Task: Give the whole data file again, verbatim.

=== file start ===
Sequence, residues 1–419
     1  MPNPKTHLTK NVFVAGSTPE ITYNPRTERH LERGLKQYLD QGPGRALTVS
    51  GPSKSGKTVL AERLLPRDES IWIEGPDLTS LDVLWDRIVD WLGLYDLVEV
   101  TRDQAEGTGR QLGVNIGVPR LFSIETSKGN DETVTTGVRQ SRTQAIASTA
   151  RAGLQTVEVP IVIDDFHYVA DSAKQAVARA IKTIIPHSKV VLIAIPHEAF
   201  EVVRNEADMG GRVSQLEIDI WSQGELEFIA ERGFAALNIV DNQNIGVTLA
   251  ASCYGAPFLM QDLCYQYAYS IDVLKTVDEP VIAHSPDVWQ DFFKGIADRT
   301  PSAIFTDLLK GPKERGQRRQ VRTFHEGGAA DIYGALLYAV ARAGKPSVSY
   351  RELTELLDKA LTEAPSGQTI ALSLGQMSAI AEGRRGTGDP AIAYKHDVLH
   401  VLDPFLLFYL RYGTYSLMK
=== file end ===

Sequence, residues 1–419
     1  MPNPKTHLTK NVFVAGSTPE ITYNPRTERH LERGLKQYLD QGPGRALTVS
    51  GPSKSGKTVL AERLLPRDES IWIEGPDLTS LDVLWDRIVD WLGLYDLVEV
   101  TRDQAEGTGR QLGVNIGVPR LFSIETSKGN DETVTTGVRQ SRTQAIASTA
   151  RAGLQTVEVP IVIDDFHYVA DSAKQAVARA IKTIIPHSKV VLIAIPHEAF
   201  EVVRNEADMG GRVSQLEIDI WSQGELEFIA ERGFAALNIV DNQNIGVTLA
   251  ASCYGAPFLM QDLCYQYAYS IDVLKTVDEP VIAHSPDVWQ DFFKGIADRT
   301  PSAIFTDLLK GPKERGQRRQ VRTFHEGGAA DIYGALLYAV ARAGKPSVSY
   351  RELTELLDKA LTEAPSGQTI ALSLGQMSAI AEGRRGTGDP AIAYKHDVLH
   401  VLDPFLLFYL RYGTYSLMK